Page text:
Tragic accident confirms compassionate side of humanity
I would like to comment on a letter to the editor published Wednesday from Vickie Tinker that was titled "2 dead because of head-on-crash, not because of bad weather in pass."
Although I agree with Ms. Tinker's comment regarding the Clarion's extensive commentary on Ms. Nikolas' private life, there are a few misstatements I would like to clear up.
First, there are four people dead. Not only did Ms. Nikolas and her son die, but Mr. Bridgeman and Ms. Roberts lost their lives as well.
Secondly, the Clarion, not the Anchorage paper, stated, "There is a possibility of alcohol being a contributing factor, but that is not confirmed yet." It does not state which driver was suspected of intoxication. Ms. Tinker assumed far too much out of that one sentence.
Thirdly, I was traveling in a 1995 Ford F150 four-wheel drive two vehicles behind Ms. Tinker's Blazer when the accident occurred. We were in whiteout conditions with incredible winds. The roads were like a glass bottle. We were traveling up a hill at approximately 30 miles per hour. The accident occurred at the top of the hill.
From what I observed, the Daewoo was going too fast for the weather conditions and when he realized he was going to begin a steep descent, he panicked and hit the brakes, which in turn created the spin into Ms. Nikolas' lane.
We were out of our vehicles within minutes after the accident occurred. At least a dozen people were on the scene for several hours. Due to the inability to use our cell phones to call for help, a gentlemen offered to drive back toward Anchorage for help. It took an hour and a half for emergency vehicles to arrive.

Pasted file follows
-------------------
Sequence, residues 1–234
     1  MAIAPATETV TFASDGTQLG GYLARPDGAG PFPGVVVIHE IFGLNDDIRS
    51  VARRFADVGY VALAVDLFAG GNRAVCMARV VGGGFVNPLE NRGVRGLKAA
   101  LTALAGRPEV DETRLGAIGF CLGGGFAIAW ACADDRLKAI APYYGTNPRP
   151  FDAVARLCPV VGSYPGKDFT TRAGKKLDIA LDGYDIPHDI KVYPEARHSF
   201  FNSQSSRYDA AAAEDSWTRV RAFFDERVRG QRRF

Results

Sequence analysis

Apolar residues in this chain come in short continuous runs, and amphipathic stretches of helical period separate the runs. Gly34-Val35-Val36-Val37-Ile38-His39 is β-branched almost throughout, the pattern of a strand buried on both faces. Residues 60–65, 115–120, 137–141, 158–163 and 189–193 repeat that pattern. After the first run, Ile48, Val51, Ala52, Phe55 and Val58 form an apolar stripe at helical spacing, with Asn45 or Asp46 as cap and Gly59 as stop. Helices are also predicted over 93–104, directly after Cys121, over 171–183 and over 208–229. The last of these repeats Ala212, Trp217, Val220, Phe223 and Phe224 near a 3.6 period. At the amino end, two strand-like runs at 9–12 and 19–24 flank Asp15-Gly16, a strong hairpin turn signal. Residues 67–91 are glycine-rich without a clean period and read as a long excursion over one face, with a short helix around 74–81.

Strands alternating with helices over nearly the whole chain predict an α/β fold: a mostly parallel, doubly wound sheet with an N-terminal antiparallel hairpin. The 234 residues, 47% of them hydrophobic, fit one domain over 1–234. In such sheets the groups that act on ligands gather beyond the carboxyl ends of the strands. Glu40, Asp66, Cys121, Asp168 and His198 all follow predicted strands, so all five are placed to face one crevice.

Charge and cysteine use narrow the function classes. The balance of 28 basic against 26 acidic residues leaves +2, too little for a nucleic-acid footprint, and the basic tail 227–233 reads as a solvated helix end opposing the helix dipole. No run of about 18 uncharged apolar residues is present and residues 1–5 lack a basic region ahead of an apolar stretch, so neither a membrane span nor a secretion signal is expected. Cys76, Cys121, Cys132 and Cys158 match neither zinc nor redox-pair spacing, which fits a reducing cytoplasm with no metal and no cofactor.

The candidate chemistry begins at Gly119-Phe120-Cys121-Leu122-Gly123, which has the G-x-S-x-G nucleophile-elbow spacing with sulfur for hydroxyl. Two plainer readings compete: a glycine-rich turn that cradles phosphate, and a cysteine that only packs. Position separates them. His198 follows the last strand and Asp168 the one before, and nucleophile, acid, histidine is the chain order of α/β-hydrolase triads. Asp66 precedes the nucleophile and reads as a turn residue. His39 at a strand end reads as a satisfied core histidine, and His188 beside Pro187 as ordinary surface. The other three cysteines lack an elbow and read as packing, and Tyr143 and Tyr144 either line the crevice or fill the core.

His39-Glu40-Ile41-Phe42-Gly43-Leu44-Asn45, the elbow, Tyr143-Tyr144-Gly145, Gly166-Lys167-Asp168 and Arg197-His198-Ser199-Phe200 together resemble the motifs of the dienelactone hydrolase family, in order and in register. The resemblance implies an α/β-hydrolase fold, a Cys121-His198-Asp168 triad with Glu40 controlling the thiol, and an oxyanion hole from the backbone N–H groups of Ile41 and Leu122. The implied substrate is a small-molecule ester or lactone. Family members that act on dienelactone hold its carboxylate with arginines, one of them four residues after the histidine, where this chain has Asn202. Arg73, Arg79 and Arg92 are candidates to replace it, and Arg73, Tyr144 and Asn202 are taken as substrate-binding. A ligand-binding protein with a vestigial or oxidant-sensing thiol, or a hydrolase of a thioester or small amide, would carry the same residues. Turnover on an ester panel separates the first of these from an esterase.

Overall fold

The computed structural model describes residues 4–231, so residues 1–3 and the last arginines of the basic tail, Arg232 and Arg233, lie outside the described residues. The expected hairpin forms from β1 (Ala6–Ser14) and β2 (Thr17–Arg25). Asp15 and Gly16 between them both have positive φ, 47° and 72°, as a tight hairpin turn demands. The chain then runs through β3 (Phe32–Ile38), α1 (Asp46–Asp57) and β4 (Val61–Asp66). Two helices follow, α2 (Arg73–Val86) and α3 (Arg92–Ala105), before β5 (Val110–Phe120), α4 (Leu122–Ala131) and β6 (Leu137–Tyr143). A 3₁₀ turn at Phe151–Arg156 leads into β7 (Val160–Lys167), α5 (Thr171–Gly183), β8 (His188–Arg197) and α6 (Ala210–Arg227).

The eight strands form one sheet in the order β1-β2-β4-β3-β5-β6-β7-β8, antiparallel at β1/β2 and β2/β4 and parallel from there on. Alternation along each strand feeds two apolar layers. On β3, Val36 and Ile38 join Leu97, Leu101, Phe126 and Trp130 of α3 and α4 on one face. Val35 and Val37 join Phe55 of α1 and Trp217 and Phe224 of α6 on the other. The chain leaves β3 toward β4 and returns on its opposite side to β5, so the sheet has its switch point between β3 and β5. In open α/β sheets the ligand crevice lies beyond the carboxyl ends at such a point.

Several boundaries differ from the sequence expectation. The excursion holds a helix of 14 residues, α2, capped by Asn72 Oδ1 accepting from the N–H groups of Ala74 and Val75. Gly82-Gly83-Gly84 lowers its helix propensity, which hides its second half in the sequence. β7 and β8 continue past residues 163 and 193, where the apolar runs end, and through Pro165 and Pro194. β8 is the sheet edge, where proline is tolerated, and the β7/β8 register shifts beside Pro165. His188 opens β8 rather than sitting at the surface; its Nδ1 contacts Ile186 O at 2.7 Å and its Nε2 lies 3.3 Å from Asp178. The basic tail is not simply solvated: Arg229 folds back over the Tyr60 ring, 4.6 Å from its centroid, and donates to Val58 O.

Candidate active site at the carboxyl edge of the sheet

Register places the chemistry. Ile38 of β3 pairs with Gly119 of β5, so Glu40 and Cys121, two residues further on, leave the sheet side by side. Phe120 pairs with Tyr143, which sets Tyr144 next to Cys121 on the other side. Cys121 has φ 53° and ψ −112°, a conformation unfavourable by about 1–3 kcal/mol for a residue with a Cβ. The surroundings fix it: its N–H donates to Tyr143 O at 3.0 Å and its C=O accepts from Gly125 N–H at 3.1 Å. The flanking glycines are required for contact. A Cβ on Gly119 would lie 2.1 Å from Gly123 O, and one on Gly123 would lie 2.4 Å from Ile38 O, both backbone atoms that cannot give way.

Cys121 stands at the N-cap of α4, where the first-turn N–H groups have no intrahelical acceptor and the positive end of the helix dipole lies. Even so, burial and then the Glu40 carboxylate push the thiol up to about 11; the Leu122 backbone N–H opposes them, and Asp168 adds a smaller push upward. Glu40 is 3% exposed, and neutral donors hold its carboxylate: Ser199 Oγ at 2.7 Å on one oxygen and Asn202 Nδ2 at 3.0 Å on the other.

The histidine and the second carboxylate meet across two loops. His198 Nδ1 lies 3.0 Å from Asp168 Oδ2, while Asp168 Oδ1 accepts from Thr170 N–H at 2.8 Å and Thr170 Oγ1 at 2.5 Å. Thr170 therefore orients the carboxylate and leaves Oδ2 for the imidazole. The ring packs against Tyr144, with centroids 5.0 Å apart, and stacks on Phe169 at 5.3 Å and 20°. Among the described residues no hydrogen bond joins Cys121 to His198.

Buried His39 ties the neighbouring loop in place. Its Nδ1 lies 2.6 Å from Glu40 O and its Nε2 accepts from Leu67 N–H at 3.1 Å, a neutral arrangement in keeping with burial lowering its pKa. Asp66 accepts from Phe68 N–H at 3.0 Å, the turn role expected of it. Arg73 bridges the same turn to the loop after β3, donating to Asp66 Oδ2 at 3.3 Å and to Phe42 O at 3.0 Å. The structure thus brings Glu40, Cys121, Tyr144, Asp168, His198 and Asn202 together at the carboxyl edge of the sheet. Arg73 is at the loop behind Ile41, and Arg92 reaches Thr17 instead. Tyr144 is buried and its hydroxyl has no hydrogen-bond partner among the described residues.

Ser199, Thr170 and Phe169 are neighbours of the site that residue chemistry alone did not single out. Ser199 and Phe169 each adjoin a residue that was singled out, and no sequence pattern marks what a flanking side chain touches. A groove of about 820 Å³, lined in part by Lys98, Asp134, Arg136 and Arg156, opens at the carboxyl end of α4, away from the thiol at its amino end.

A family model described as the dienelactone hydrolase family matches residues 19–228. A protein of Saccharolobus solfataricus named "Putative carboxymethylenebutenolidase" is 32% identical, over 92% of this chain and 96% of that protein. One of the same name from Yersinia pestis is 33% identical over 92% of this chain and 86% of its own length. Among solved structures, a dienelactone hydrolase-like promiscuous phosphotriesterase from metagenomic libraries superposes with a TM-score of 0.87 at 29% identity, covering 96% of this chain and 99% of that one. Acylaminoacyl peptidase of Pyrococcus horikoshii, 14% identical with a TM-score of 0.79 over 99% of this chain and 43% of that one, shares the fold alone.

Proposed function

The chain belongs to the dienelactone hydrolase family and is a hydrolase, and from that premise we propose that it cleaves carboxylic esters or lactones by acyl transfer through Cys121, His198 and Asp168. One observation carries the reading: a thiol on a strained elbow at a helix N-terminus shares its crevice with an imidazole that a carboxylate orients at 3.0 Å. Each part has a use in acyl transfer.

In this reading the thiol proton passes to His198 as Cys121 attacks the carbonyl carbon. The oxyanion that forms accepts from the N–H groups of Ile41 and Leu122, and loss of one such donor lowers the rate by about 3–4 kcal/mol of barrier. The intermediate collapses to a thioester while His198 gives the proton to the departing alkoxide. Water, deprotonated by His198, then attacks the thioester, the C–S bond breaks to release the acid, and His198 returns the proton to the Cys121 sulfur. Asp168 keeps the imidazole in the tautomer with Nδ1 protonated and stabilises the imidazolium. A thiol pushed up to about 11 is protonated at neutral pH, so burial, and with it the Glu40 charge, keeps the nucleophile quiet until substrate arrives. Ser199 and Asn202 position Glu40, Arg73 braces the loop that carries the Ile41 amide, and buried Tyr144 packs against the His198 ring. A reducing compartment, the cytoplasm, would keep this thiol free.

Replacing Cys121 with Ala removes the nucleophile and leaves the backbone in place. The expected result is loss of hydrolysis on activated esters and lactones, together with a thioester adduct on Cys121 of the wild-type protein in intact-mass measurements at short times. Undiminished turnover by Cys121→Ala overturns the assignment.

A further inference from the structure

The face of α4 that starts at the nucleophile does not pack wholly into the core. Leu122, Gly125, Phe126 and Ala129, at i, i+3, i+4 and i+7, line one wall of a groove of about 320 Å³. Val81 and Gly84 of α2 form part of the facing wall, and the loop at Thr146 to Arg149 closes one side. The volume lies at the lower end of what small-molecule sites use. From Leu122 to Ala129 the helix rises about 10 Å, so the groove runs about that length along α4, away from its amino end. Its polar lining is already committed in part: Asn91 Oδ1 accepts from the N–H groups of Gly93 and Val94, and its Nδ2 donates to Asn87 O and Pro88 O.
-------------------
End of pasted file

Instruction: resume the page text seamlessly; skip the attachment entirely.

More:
Unfortunately, Mr. Bridgeman, Ms. Roberts and Skyler Nikolas were dead on impact, and CPR was performed on Ms. Nikolas to no avail.
In this instance, weather and poor judgment on the part of the speed of the Daewoo were the major factors.
I would like to thank all the people that stopped to assist with this tragic accident. It was a terrible and horrific scene that I will not forget. The outpouring of support and aid in the bitter cold, wind and snow confirms the compassionate side of us all.
Lori Chase, Kenai
Encore for both 'Music Man,' novel suggestions about testing students
First off: Thank you all for the "Music Man."
Second Off: Thank you for having your finger on the pulse of the exit exams, Vicki Pate.
You make more sense than anyone who's opened their mouth about the subject.
It makes absolute sense to test a student after finishing the first and the most telling round of public education. This is where the successes and inadequacies of the past for 10 years are at their peak for the young person.
In a sense, high school is the test of our educational system. And this can be hell on wheels.
Vocational-technical high schools have a definite place in all of this, as well.
Give our young people options! One size does not fit all. The student in Santee, Calif., is a good example.
Cheri Edwards, Soldotna
Coalition shows true colors; can it be both pro-, anti-development?
The people who were invited to participate in the Community Rivers Planning Coalition to represent "environmental" interests have quit participating because they accuse the group of being too development oriented.
A recent letter to the editor accused the CRPC of being "anti-development" and trying to "lock it up and lock you out."
Where does that leave this community group?
Phil North, Kenai